Friday, August 31, 2012

Weekly reader

Welcoming Words to the Latest Class of Library Science Students
"Right now across the country, there are new graduate student arriving in the classroom (both real and virtual) to start their academic journey towards a Master’s degree in Library Science. It’s hard for me to believe that I only graduated six years ago and have only been on the job in a librarian capacity for five years (this September will be my fifth year anniversary). It certainly has been a roller coaster ride for me in those five years and has taken me in directions that I didn’t think I would be ending up. After struggling with a previous career in commercial horticulture and a misfire by way of a year in law school, it is been a relief to finally find my niche in the world." -- Andy W, Agnostic, Maybe, 8/27/12

How Should Academic Libraries Communicate their Own Value?
"A common complaint from my librarian friends: too often users fail to appreciate that the resources they use online are only available to them because the library has purchased them. This is aggravated by confusion about what an academic library is. Researchers actively using library resources online may not think of themselves as using the library because they have not recently visited the building. Libraries need to overcome such confusion to ensure that the contributions they make to the university are fully appreciated. Demonstrating value is key if libraries are to be able to continue to claim their share of institutional funding." -- Stephen Barr, Higher Education Network, 8/20/12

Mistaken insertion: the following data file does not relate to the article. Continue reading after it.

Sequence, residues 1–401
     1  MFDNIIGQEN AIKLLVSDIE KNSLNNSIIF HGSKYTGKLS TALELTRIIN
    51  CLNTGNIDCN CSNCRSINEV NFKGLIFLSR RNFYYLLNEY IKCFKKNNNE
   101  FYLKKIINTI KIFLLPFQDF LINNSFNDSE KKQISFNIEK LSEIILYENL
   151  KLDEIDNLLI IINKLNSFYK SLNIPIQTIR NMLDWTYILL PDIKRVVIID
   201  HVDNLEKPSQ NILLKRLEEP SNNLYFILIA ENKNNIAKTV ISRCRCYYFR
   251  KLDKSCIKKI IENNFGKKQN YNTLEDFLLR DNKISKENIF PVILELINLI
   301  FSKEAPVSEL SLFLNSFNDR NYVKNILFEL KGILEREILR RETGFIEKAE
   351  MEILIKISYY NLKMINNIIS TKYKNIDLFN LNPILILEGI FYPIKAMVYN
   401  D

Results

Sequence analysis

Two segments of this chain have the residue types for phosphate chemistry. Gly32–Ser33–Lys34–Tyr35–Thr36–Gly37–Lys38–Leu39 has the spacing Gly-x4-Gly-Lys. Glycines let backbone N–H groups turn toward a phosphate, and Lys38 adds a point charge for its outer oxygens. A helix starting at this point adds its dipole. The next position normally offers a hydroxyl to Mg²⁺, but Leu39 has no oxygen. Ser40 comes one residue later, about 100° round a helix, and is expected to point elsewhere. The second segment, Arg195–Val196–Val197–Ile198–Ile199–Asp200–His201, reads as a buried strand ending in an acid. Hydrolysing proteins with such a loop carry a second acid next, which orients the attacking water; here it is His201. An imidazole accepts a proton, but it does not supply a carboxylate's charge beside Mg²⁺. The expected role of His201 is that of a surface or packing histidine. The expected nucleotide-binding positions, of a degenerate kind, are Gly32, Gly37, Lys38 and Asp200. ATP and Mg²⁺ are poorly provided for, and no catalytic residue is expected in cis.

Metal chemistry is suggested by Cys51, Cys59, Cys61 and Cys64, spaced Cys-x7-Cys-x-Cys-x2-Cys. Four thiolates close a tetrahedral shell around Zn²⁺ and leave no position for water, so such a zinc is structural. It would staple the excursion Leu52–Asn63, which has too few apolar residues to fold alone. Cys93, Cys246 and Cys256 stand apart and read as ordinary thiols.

Study Finds PA's School Librarians Spread Thin
"School librarians do more than shush students – they help teachers with reading curricula, encourage kids to read outside of school, and they’re proven to be linked to high student achievement. If they have the time. About 73 percent of the commonwealth’s public schools have taken part in a study that reveals school libraries are hurting for funding and resources." -- Mary Wilson, State House Soundbites, 8/22/12

Students find E-Textbooks "Clumsy" and Don't Use their Interactive Features
"Several universities have recently tried a new model for delivering textbooks in hopes of saving students money: requiring purchase of e-textbooks and charging students a materials fee to cover the costs. A recent report on some of those pilot projects, however, shows that many students find the e-textbooks “clumsy” and prefer print." -- Angela Chen, The Wired Campus, 8/20/12

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